The first major expansion of Assassin’s Creed Valhalla has arrived, taking Eivor to Ireland to destroy an ancient druidic cult while influencing Gaelic kings of auld in Wrath of the Druids. Set sail from Ravensthorpe to Dublin and explore mystical forests and one of the most amazing coastlines of any Assassin’s Creed game, build trading posts and get powerful new weapons and armour while you drink your way through early medieval Irish towns and make some new friends along the way. With a second year of content announced at E3 2021, let’s take a look at the first post-launch story.
The map of Assassin’s Creed Valhalla’s Ireland is split up into four territories: Dublin, Meath, Connacht and Ulster. Unfortunately, it doesn’t cover Ireland in its entirety, leaving out the mid-western coast, and a fair chunk of the south (sorry Cork!). All the big loughs are there such as Neagh, Erne and Eske, and we can’t fault Ubisoft’s re-creation of early-medieval-age towns like Dublin and Durrow. Though some of the high-points have beautiful vistas, the Giant’s Causeway is undoubtedly the best geographical location in the expansion – and you even get to (sort of) fight a giant there!
Wrath of the Druids introduces trade posts which for the first time allow Eivor a way to make a steady income while putting their feet up. By completing the various raids around Ireland you can use the trade goods to purchase buildings in each of the seven trade posts, which in turn will produce different goods that you can then use to acquire unique items such as weapons, armour, and ship decals. While some of the trade posts simply need to be cleared and claimed, others require you to go searching for the title to claim ownership. This is a great new feature to Valhalla which really gave a sense that you’re actually building something you can appreciate, unlike Ravensthorpe where everyone just seems to live rent-free.
There’s plenty more to discover around Ireland. Drinking games are back, though unfortunately our much-loved dice game Orlog isn’t. There are a few shrines, books of knowledge, several mysteries to unravel, and trials similar to the mushroom mysteries in the base game, though there aren’t any hidden side quests. New abilities to acquire from the books of knowledge include useful explosive smoke bomb arrows, a big Irish headbutt, and an awesomely fierce Irish Wolfhound which can be used in unison with your existing best friend wolf! Along with the new smoke arrows, there’s also new runes and items that create smoke clouds in combat, allowing you to use the same kind of mystical trickery that’s used against you throughout the expansion.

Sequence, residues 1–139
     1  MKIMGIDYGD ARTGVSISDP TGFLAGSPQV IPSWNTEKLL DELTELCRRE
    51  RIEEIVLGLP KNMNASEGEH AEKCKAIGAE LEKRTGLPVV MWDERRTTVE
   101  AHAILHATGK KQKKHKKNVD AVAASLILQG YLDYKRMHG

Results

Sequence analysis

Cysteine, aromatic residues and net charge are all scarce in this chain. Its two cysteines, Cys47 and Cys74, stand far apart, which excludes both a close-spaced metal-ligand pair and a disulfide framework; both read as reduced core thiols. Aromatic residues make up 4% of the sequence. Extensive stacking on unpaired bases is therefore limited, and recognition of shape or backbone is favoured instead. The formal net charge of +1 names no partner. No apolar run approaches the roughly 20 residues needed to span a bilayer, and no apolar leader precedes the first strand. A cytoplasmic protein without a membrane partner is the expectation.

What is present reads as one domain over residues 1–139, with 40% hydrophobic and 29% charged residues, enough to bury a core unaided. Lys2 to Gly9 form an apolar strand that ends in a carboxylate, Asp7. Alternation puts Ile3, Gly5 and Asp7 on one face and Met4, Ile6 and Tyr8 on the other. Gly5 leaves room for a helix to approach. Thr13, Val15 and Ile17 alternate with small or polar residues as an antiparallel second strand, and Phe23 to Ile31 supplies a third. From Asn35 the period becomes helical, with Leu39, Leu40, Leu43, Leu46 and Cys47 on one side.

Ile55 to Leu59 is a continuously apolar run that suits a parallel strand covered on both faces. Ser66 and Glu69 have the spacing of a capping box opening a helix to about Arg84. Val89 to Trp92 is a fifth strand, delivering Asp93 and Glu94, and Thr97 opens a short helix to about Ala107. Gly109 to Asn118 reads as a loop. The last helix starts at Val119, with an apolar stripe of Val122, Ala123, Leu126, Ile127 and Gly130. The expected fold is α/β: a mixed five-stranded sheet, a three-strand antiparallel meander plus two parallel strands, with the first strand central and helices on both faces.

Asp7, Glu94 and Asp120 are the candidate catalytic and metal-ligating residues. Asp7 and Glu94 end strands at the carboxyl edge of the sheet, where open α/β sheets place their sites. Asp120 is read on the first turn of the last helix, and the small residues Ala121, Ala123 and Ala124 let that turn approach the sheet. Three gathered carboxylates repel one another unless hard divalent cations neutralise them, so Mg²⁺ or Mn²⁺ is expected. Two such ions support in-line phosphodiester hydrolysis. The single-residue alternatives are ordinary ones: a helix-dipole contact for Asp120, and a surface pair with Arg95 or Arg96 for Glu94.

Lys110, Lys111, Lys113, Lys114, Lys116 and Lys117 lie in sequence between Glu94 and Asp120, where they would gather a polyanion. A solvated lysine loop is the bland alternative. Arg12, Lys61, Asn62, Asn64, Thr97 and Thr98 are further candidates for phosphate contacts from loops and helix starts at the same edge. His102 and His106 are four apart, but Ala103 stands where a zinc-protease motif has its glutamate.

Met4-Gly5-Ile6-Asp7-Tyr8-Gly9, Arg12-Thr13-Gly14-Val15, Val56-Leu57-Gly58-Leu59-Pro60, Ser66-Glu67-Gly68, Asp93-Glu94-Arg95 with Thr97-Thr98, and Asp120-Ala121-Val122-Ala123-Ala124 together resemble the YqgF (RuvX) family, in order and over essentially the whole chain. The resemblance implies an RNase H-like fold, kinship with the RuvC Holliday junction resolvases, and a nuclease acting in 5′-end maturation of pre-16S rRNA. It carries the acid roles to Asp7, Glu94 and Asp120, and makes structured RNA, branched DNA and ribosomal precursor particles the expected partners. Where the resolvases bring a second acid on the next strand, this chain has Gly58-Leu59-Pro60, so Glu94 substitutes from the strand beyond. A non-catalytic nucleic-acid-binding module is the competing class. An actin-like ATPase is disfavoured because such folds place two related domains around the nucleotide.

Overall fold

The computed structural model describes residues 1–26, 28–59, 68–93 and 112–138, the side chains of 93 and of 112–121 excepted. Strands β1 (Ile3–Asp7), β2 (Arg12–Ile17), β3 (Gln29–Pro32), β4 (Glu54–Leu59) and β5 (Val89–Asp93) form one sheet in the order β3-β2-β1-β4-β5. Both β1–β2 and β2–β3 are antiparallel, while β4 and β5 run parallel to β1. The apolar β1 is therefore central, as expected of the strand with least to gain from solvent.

The new Order that must be eradicated in Wrath of the Druids is known as the Children of Danu, a druid cult that have intertwined themselves with the bubbling Irish society. While it’s significantly smaller than the Order of the Ancients in the base Valhalla game, the story of the Children ties in well with the main story of the expansion. Speaking of which, the main story felt a lot like one we’d already experienced in Valhalla. A prince disagreeing with his father, the king, only to… well, we’ll let you experience it for yourself. Even the Irish songster Ciara, though memorable, felt strangely familiar, though we will say that she does have a unique story to tell.
Other than the mystic fog which let you know druids are probably nearby and new weapons and armour, the only new graphical feature you’ll see in Wrath of the Druids is ‘tuar ceathas’ – rainbows. Yep, that’s right, and they’re a lot more common than we thought they’d be, though we did enjoy including them in photo mode. In fact, when it came to gameplay to photo ratio, we found ourselves in the photo editor mode a lot more regularly than in the base game. This is probably because you’re never terribly far from a water feature or a cliff with a beautiful vista.
There are only nine achievements worth just 210 gamerscore points in this expansion and while most of them will unlock as you complete all of the content, there are a couple that you might need to look up to unlock. The Irish Legend achievement for completing all of the territories is not as difficult as it may sound, but there is a Trial of Morrigan which is currently bugged, not allowing some players (us included!) to complete it. You’ll know if you’ve got this completion-breaking bug if you beat the trial only for it to allow you to repeat it… forever. Another game-breaking bug we experienced a couple of times throughout our playthrough involved Eivor randomly launching into the sky, sometimes traveling across the entire map before dying… presumably of acrophobia. While this might not cause you too many issues, it can happen at the end of story missions, sending you back to the start of the mission. While frustrating, it was also comical and nothing outside of the ordinary for a Ubisoft game.
Overall, Wrath of the Druids takes around 15 hours to 100%. It’s not the longest expansion story content, and doesn’t add too much to the overall Assassin’s Creed lore, but the map of Ireland is one that explorers and completionists alike will treasure (provided the trial bug gets fixed). We like to judge Assassin’s Creed expansions based on how useful the gear will be in follow-up content, and given this is just the first major expansion in Valhalla, the ancient weapons, sickles, Celtic, druid, and many other armour sets you can acquire make Wrath of the Druids a must-play for anyone looking to play future Assassin’s Creed Valhalla content.
Rocket Chainsaw reviewed Assassin’s Creed Valhalla Wrath of the Druids on Xbox Series X. It is also available on PlayStation 5, Windows PC, and older platforms. For more information, head to the official website.
- A huge map of Ireland to explore - Actually feels like you’re building something - Lots of new items to acquire.
- Couple of weird bugs - Story already happened in the main game - No Orlog.